EcoCertified Solar Parks

Much can be done to increase the natural value of solar parks. Light on the soil and vegetation management are crucial factors therein. What are the basic requirements for nature inclusive solar parks, and how can those values be realised in existing solar parks? That is the aim of the project EcoCertified Solar Parks.

Project aims

We are studying how natural value and soil health in solar parks can be improved in the design phase and with vegetation management. This will result in guidelines for design and vegetation management, which will be operational through the quality certification EcoCertified Solar Label. This label guarantees preservation of soil quality in the solar field and a contribution to the recovery of biodiversity in our landscape.

The project is carried out by a consortium of Wageningen University & Research, TNO, Eelerwoude, Holland Solar and NL Greenlabel , in cooperation with solar park developers, 8 provinces, Rijkswaterstaat, and the Nature & Environment Federations. It runs from the end of 2021 until 2025.

To determine and substantiate the guidelines that are used in the label, three PhD-students are investigating the biodiversity and soil quality in 20 solar parks in the Netherlands. As part of this research, an experiment with four different vegetation management options is carried out to investigate what type of management contributes most to the restoration of natural values in the landscape. We will also research cost-effective and innovative techniques to monitor the development of vegetation, insects and other wildlife in solar parks.

The ecological guidelines will be integrated and evaluated for societal and economic feasibility. In addition, the groundwork will be laid for further development of knowledge regarding nature-inclusive solar parks after the project is completed.

The EcoCertified Solar Label

Early on in the project, a first version of the label will be developed and tested (expected early January 2023).

In the course of the project this label will be updated based on scientific results and practical insights. By the end of the project, this will result in an EcoCertified Solar Label that is ready to use for developers and land-owners in development of plans, and that can be required by local governments and municipalities in permitting procedures.

What are we investigating in the parks?

Three PhD-students at Wageningen University are studying the (changes in the) natural values in 20 existing solar parks:

  • Luuk Scholten is investigating soil quality (e.g., vegetation growth, soil organic matter, carbon storage);
  • Timea Kocsis is investigating the importance of the park vegetation and its management for insects and other invertebrate fauna;
  • ChloĆ© Tavernier is investigating use of the parks by mammals and birds, and the conditions that are required to allow such use.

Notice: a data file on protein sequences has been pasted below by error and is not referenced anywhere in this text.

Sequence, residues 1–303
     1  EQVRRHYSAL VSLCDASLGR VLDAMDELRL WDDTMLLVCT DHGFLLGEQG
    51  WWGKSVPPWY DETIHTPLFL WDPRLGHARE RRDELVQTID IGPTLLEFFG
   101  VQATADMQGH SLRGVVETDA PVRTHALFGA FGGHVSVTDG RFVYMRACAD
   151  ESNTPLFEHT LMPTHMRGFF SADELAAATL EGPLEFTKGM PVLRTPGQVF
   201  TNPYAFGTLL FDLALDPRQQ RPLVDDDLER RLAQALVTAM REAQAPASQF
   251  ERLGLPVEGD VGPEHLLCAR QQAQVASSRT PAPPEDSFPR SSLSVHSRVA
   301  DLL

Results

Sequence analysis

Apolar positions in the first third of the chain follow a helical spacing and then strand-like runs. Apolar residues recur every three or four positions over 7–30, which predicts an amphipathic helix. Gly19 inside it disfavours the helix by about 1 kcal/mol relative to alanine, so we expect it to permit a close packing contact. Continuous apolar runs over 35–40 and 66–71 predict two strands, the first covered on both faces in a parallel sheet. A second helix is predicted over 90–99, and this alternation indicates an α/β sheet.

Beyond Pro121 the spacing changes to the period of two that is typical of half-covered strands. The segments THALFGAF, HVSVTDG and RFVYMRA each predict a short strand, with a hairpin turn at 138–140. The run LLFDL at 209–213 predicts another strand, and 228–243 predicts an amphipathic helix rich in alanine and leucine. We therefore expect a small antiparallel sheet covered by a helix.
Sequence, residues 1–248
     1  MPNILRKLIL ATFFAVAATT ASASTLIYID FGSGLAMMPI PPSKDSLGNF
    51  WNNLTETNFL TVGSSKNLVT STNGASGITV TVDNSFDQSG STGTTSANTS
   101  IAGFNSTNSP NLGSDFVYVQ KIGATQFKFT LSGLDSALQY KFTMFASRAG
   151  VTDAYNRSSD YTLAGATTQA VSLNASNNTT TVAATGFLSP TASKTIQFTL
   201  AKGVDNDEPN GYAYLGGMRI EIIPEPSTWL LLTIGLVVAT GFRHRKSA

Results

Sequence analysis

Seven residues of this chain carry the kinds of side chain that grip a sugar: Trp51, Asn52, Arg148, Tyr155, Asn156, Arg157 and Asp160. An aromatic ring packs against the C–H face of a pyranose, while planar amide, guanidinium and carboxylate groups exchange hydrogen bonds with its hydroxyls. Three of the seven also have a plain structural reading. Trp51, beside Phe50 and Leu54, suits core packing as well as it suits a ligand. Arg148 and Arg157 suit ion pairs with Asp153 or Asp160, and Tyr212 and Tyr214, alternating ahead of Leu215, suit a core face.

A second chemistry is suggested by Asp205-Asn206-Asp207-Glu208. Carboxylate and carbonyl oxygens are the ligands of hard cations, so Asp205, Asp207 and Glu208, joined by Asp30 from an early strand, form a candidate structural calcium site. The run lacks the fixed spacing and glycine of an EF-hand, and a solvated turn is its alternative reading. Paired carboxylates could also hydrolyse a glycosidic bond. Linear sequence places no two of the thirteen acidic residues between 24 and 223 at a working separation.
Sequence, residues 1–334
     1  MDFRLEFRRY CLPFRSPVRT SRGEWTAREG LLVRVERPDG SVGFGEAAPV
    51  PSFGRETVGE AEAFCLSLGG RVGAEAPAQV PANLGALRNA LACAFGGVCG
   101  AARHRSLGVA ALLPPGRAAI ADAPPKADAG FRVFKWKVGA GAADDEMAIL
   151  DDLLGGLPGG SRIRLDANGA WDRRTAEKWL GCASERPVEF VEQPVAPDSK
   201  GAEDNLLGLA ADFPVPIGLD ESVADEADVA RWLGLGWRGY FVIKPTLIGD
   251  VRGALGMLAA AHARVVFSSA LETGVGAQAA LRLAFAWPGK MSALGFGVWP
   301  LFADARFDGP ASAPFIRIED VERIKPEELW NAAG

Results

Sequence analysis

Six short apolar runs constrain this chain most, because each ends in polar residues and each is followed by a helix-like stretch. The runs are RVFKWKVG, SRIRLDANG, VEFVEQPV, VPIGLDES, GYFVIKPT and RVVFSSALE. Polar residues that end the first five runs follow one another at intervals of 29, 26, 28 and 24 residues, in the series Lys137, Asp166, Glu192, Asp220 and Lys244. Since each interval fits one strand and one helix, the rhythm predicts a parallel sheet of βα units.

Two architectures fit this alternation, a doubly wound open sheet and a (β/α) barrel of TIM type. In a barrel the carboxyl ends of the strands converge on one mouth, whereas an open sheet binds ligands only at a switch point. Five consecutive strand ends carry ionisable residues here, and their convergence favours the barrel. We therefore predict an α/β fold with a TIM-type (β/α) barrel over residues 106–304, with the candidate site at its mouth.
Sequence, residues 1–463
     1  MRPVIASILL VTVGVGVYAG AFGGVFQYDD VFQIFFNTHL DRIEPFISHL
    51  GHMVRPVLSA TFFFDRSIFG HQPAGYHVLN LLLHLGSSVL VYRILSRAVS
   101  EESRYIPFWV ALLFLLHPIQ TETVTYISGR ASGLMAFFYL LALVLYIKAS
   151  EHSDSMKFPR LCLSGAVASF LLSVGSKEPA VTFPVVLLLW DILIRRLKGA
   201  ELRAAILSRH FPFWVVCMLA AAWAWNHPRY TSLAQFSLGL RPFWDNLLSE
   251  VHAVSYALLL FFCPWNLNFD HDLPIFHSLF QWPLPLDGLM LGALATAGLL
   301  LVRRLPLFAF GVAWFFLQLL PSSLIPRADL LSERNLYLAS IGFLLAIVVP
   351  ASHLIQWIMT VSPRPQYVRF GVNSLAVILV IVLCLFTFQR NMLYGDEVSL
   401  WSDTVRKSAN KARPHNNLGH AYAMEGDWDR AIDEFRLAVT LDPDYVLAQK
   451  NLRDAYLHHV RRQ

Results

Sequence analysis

Mowing and grazing: vegetation management experiment

Part of the PhD research concerns studying the effect of vegetation management on ecological value of the solar parks. To that end, four management treatments were initiated in the fall of 2022:

  1. Mowing twice a year without removal of cuttings (common practice in Dutch solar parks);
  2. Mowing twice a year with removal of cuttings (improved mowing practice);
  3. Mowing frequency tuned to the growing conditions in the park (much improved mowing practice);
  4. On-and-off pressure-grazing with Kempen heath sheep. This breed of sheep is known to eat all vegetation, not just the tasty plants and flowers.

Space between panels or space for natural elements?

Another relevant subject in this study is the use of space in a solar park. Assuming a set-up of panels where soil quality is maintained at a minimum standard (see soil test under publications below), a choice still has to be made between more space for nature between the panels on the one hand, and less space between panels but more space for natural elements around the panels on the other hand. Think of naturally managed hedges, ponds for amphibians, and wide borders with herbaceous vegetation. The research will provide insight in whether and how high natural values can be achieved between and perhaps even underneath the solar panels.

Managing existing and designing future solar parks

Developers that build and manage a solar park according to the guidelines (that are currently being researched and developed), obtain the EcoCertified Solar Label. The label guarantees the solar park to have an added value for ecology and biodiversity. This way, the label provides tools for developers and local governments to establish solar parks with an added value for nature.

The label provides a surplus value for existing solar parks as well, because it provides guidelines to manage the parks in such a way that biodiversity increases.


This project is carried out with a Topsector Energy-grant from the Dutch Ministry of Economic Affairs and Climate Policy, carried out by the Netherlands Enterprise Agency. The specific grant for this project is MOOI round 2020 (project MOOI-22004).